What can be done?

Paola Cecchi-Dimeglio’s research with professional services firms suggests that the use of tailor-made, automated, real-time communication tools with instant feedback on employees’ performance from supervisors, colleagues, and clients can have dramatic results for women. Systems like Pay Compliment feedback tool allow for this type of feedback and have the added advantage that the employee can take their feedback with them when moving from one company to another – providing a history of their achievements.

Another benefit is that having more-frequent feedback gives opportunities to recognise different styles of leadership. As the work of Alice Eagly at Northwestern University has demonstrated, there are differences in leadership styles among gender. Her work, followed by other researchers, has revealed that women’s leadership styles are less hierarchical and more cooperative, inclusive, and collaborative than the typical male leadership style.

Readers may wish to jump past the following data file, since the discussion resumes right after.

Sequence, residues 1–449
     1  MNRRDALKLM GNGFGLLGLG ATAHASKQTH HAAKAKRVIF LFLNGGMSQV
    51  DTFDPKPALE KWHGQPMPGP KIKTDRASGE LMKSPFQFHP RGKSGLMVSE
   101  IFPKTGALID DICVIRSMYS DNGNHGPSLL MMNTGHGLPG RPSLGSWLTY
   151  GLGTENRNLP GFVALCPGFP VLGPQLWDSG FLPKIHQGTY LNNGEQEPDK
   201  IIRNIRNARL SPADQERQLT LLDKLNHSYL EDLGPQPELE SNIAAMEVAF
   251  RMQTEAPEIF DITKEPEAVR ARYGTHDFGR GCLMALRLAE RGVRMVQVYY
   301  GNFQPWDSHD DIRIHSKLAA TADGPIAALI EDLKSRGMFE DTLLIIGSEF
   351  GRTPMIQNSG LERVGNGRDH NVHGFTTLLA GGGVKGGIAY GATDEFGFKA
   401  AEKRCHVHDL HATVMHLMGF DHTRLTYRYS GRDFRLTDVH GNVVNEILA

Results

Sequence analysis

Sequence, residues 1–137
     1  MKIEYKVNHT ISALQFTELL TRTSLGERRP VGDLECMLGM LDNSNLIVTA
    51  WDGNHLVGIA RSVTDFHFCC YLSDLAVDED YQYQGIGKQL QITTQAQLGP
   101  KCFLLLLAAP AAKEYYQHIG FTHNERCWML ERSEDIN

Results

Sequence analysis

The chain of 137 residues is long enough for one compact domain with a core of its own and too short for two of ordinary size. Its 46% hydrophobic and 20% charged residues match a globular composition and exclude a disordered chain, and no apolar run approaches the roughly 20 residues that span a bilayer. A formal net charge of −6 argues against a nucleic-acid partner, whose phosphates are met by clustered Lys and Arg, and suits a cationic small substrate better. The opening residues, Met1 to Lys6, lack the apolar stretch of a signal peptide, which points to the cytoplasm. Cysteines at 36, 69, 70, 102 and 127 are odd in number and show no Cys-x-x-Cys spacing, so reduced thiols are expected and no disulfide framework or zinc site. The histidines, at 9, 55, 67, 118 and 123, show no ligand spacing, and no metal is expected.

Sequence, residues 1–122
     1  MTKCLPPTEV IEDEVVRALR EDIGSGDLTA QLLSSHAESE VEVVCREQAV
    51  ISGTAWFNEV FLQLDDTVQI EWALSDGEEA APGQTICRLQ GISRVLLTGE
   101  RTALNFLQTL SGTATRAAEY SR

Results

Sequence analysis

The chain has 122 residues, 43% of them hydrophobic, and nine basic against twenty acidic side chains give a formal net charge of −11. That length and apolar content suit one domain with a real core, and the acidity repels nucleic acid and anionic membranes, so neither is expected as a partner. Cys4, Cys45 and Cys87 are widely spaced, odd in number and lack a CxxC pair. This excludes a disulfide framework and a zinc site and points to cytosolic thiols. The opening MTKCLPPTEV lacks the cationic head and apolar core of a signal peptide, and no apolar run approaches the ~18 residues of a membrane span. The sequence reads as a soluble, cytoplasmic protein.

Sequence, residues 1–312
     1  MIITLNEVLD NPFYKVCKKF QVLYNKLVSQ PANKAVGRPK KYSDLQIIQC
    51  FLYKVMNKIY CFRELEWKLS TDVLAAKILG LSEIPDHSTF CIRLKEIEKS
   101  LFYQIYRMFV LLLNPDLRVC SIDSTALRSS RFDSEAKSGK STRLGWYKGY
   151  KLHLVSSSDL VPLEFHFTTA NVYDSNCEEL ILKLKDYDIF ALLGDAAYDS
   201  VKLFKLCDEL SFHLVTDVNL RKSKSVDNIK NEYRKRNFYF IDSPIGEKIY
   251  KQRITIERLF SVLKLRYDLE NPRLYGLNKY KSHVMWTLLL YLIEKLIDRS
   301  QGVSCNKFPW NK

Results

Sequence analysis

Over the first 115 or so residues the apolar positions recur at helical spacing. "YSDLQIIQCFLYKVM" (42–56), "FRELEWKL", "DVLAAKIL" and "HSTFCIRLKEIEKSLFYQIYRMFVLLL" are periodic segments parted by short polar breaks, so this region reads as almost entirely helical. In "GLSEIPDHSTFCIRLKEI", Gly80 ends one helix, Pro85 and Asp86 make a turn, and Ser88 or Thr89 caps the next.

Women’s strengths, such as their collaborative and inclusive styles, are more easily recognised when feedback is coming from multiple sources. And this feedback often provides data on the effectiveness of leadership style in different contexts, many of which the manager might not normally have insight too.  In additions the manager reviewing all the feedback can see how various appraisers attach different weights to the same aspects of performance they experienced. The feedback also tends to be useful for developmental and assessment purposes being more accurate and gender-neutral.